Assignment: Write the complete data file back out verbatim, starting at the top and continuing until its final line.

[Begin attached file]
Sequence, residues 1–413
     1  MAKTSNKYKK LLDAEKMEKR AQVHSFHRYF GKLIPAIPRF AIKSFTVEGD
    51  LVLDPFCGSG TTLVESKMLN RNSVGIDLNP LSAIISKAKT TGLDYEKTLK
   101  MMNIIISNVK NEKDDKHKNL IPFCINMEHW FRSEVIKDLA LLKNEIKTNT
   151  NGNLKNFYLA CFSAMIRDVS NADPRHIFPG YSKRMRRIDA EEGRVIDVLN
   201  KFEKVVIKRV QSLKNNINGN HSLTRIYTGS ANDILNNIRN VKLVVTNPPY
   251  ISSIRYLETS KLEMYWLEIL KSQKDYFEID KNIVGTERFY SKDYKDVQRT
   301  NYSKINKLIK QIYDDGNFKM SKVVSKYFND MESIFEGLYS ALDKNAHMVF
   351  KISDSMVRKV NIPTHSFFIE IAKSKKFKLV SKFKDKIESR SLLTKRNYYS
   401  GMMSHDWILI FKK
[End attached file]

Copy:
Sequence, residues 1–413
     1  MAKTSNKYKK LLDAEKMEKR AQVHSFHRYF GKLIPAIPRF AIKSFTVEGD
    51  LVLDPFCGSG TTLVESKMLN RNSVGIDLNP LSAIISKAKT TGLDYEKTLK
   101  MMNIIISNVK NEKDDKHKNL IPFCINMEHW FRSEVIKDLA LLKNEIKTNT
   151  NGNLKNFYLA CFSAMIRDVS NADPRHIFPG YSKRMRRIDA EEGRVIDVLN
   201  KFEKVVIKRV QSLKNNINGN HSLTRIYTGS ANDILNNIRN VKLVVTNPPY
   251  ISSIRYLETS KLEMYWLEIL KSQKDYFEID KNIVGTERFY SKDYKDVQRT
   301  NYSKINKLIK QIYDDGNFKM SKVVSKYFND MESIFEGLYS ALDKNAHMVF
   351  KISDSMVRKV NIPTHSFFIE IAKSKKFKLV SKFKDKIESR SLLTKRNYYS
   401  GMMSHDWILI FKK